Friday, January 30, 2009

Charlaine Harris Boxed Set

Spotted this at Costco today. I passed it by because my TBR pile is way high and my book allowance is alarmingly low right now, but for $32, that's a damn good deal. FYI.

Rachel Vincent Giveaway

Backcover Blurb:
Here's hoping cats do have nine lives.

I’m on trial for my life. Accused of infecting my human ex-boyfriend—and killing him to cover up the crime. I’m not guilty. But tell that to the panel of Alphas sitting in judgment. Infecting a human is one of three capital offenses recognized by the Pride—along with murder and disclosure of our existence to a human.

I’m two for three. A goner.

On top of that, Marc is in danger of being tossed from the Pride, then we discovered a rogue stray terrorizing the mountainside, hunting a wild teenage tabbycat. I think I can protect her from both the ambitious rogue and the scheming of the territorial council.

If I survive my own trial…

I like the play on words for the title.

Rachel Vincent is on my list of New Authors to try this year, but I haven't gotten started yet on her Shifters series.

This works to my advantage, because the latest releases February 1st, so more books with instant gratification potential. Excellent.

On the other hand, it maximizes my wait for the NEXT book.

Hmmm. A dilemma.

Vincent is giving away the three-book series -- check it out.

Tuesday, January 27, 2009

Anna Campbell’s Untouched -- Review

Nutshell plot: Grace, a poor but well-born widow, is mistaken for a prostitute and kidnapped to a secure manor to supply sexual services to an imprisoned, perhaps mad, nobleman. A gender-reversed Cinderella story, right down to the ugly stepbrothers. (Warning: watch for a mild spoiler ahead).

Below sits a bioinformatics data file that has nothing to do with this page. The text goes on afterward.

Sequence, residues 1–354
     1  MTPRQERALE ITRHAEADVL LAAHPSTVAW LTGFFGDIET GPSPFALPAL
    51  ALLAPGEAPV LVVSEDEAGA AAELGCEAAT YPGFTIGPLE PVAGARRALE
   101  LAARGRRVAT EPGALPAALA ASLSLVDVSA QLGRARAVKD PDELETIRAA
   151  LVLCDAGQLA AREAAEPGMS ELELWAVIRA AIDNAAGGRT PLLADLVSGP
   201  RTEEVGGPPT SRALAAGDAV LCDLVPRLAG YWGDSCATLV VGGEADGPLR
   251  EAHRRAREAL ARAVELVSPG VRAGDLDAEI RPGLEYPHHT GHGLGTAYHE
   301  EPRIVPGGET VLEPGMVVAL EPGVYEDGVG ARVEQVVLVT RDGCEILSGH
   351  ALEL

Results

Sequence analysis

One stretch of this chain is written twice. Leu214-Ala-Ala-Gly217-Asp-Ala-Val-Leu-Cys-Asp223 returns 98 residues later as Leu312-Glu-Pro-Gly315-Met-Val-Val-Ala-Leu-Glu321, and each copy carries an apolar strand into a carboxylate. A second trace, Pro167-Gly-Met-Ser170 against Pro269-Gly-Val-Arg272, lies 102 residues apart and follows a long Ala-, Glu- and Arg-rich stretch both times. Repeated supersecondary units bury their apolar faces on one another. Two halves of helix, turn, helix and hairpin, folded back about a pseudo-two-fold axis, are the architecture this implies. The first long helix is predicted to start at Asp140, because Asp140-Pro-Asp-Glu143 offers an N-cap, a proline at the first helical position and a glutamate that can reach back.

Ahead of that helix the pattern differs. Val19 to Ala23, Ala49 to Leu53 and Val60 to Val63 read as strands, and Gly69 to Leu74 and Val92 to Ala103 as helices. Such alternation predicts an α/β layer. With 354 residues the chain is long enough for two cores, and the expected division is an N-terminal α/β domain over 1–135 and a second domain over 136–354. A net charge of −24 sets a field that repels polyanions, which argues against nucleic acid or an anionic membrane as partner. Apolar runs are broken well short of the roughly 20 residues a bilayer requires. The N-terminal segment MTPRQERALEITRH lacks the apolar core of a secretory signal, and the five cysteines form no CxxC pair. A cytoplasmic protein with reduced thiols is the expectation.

I have mixed feelings about this book. On the one hand, I think the circumstances that drive the plot are pre-posterous. True, the treatment of illnesses, physical and especially mental, could really result in almost anything in those days but the kidnapping and the whole “hump or die*” ultimatum delivered to Grace and the sheer evilness of the uncle and his henchmen verged on parody.

There was nothing funny though about the scenes in which Grace was brutalized. It’s a pretty dark book. Frankly I find it pretty hard to believe that a) Our Hero could have survived his imprisonment with so much humanity intact and b) Our Heroine would fall so smack in love in such a strange situation. Maybe it’s some kind of weird permutation of Stockholm Syndrome, I dunno.

Getting past those barriers to the suspension of disbelief however, I love Campbell’s writing and the way her characters unfold. Here’s the v. mild spoiler (highlight to read): When Grace first appears, the bits of information we are given about her background that lead the reader to assumptions about her class and family rank. Eventually, these assumptions take a beating… and then shatter, in a bit of a preview of what Matthew must feel when he finds out. Even though the reveal is a surprise, it’s not an out of the blue, deus ex machina event – enough meaty bits of information are given to us gradually, building over time, so the Big Thing is not such a stretch after all. (Sorry to be cryptic – I’m trying not to spoil too much!)